O negro brasileiro nunca esteve, na primeira metade do século XX, no palco do movimento pan-africanista, que envolveu negros dos Estados Unidos a do Caribe britânico a francês, apesar de que o Brasil teivesse uma população afro-descendente muito grande e uma rica herança africana na sua sociedade. Por que? Será que o “isolamento” do negro brasileiro teria impedido a sua participação no movimento panafricanista, não obstante a sua predisposição africanista, ou faltava-lhe uma orientação africanista? Este trabalho é uma tentativa de avaliar a consciência africana ou a africanidade dos militantes negros brasileiros da primeira metade deste século, através da análise de artigos da imprensa negra da eépoca. Para a imprensa negra cujo alvo era a elevação da posição do negro brasileiro e o melhoramento da sua situação, a referência ao exterior-assuntos sobre a África e a diáspora africana fora do país nela mencionados-não era rara de modo algum. Por um lado, a imprensa aponta negros valorizados pelo padrão do mundo ocidental com desejo de refutar a idéia da dita “inferioridade” da raça negra e, sobretudo, eliminar o complexo de inferioridade dos negros; por outro, ela denuncia a discriminação persistente e a perseguição brutal particularmente nos Estados Unidos, para protestar contra a sociedade branca e conscientizar os negros brasileiros do problema. Face ao movimento pan-africanista, porém, a postura dos redatores não era explícita, uma vez que a maioria dos artigos deste assunto ou era mera transcrição de publicações estrangeiras ou era reportagem de carater objetivo, a para com o separatismo, advogado por Marcus Garvey, exprimiram até a franca oposição. É razoável julgar que a imprensa se referiu ao movimento pan-africanista não em conseqüência da firme adesão à sua orientação mas simplesmente com a intenção de conscientizar os negros brasileiros. O tom moderado de denúncias ao colonialismo europeu na África também confirma isso. Assim, apesar de que a lideranca negra brasileira estivesse bastante consciente das idéias do pan-africanismo no exterior, optou por não aderir declaradamente à causa. Poder-se-ia concluir que era realmente fraca a orientação africanista no movimento negro brasileiro da época.
The relationship between pastoral movement and spatio-temporal changes of ecological conditions was analyzed in this case study. Movement of camel camp in 1975-1976 in the Rendille Land, northern Kenya was dealt with as an illustration. The Rendille Land, included in the Marsabit District is comprised of central lowland and surrounding mountains. The annual rainfall precipitated mainly during two rainy seasons, is 200mm in the lowlands and over 1, 000mm in the mountainous area. The lowland is vegetated with annual grasses with sparse trees, while the skirts of mountains are covered with evergreen to semi-deciduous trees with perennial grasses. Dense forest is observed only near the top of mountains. In this study the distribution of water points and change in vegetation cover has been estimated using satellite images, these were considered as ecological conditions. Locations of water points were obtained from the map published by the Kenya Government in 1970. Positive films of Landsat/MSS images were scanned into the analysis system and transformed into physical values using regression analysis between different dates/forms. The scanned data was used for deriving NDVI (normalized differential vegetation index), popular index for vegetation cover, on the five dates from September 2-3rd, 1975 to February, 11-12th, 1976. These data were then overlaid with the movement of camel camps in 1975 and 1976 surveyed by an anthropologist. The results are summarized as follows: 1. Predominant area is included within the range of 30km from water points. This is marked merit for nomads compared to other dry lands. 2. Water is not a determinant for the location of camel camps. Camel camps were primarily established on the skirts of mountains. Vegetation is more significant in these locations. 3. When rain is plentiful the lowland is also utilized for camel camps. 4. For cattle and small stock such as goats and sheep, water is an important factor. Camp sites were limited to near Mt. Kural, Mt. Mara, Mt. Marsabit and the highlands extending to Samburu, bordered by Marsabit on the south. 5. In bushland, vegetation growth after some rainfall, within about two months delay promotes the shift of camel camps. In the semi-desert grassland, on the other hand, that delay appears to be shorter.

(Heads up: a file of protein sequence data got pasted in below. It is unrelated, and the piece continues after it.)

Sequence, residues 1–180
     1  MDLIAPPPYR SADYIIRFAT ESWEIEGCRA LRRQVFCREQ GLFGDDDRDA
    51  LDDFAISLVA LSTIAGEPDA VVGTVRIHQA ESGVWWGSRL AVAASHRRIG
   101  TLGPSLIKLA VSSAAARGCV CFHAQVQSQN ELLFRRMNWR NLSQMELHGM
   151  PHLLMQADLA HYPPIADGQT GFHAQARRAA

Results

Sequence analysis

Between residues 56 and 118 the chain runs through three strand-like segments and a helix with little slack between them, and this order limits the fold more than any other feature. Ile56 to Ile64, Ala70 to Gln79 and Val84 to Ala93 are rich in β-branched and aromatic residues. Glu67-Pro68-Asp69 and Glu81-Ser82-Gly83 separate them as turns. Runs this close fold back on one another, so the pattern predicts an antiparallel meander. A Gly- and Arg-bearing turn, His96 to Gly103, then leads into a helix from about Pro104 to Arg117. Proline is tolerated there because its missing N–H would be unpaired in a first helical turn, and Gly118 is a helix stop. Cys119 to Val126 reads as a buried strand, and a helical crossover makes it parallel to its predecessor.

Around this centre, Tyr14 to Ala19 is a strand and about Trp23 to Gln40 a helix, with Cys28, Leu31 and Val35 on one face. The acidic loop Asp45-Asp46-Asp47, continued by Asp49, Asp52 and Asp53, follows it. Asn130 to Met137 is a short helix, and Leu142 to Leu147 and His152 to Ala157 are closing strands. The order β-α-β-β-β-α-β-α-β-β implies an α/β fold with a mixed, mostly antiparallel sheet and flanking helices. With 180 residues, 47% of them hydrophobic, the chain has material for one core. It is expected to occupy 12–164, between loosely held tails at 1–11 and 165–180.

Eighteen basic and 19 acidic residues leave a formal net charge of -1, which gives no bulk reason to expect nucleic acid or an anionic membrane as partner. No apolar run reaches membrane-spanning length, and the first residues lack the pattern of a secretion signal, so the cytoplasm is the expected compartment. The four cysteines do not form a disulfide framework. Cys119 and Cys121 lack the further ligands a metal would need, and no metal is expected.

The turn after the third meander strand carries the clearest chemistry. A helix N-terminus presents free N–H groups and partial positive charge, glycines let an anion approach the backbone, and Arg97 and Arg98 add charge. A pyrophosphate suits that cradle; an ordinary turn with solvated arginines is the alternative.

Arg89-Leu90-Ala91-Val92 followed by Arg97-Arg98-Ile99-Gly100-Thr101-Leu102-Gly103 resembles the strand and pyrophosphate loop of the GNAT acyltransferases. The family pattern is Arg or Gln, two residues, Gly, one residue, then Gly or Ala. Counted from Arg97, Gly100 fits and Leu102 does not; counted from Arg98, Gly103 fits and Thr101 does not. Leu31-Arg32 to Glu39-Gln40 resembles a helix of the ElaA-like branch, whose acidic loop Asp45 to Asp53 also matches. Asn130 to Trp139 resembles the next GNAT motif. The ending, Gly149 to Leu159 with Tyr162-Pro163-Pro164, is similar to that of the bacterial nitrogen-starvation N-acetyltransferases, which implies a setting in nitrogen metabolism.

The main goal of this thesis is to examine the Law of Marriage Act in the United Republic of Tanzania, which went into effect on May 1, 1971, in terms of “the equality of the sexes.” Specifically, it aims: 1) to review a number of discussions which went on during the process leading to its enactment, and 2) to consider how the three key expressions advocated by the Tanzanian government, namely, “the equality of the sexes, ”“the equality between husband and wife”, and “the equality of all human beings, ” were used variously in this very process. Chapter 2 summarizes the backgrounds to the enactment of the Law of Marriage Act. The enactment of this new law was prompted by the government's movement to unify existing marriage laws and the policies stipulated in the government's Second Five-Year Development in 1969 as well as Tanzania's international relations after 1964. Chapter 3 reviews diverse discussions which appeared during the enactment process. The fact that there was a wide diversity of opinion both among the general public and in the parliament shows that marriage was practiced in many different ways according to the customs in each local community. Chapter 4 analyzes the Law of Marriage Act in detail. It was found that while this law guarantees the rights of all women in most areas regarding marriage, including their right to contract a marriage only with a free and voluntary consent and to acquire, hold, and dispose of their property, the law shows some reservations on each local community's customs. This implies that inequalities between men and women could remain in society even after the enactment of this law. Chapter 5 examines the relationship between Ujamaa socialism from 1969 to 1971 and the expression “the equality of the sexes.” It was revealed that Ujamaa socialists needed this expression as their slogan and that during the enactment process of the Law of Marriage Act, “the equality between husband and wife” was associated with Ujamaa socialism. In sum, this thesis argues that the three key expressions advocated by the Tanzanian government, namely, “the equality of the sexes, ” “the equality between husband and wife”, and “the equality of all human beings, ” were discussed within the framework of Ujamaa socialism from 1969 to 1971 and promoted the improvement of women's status; however, it had a limitation in that the government had to take account of the diverse customs in many different local communities.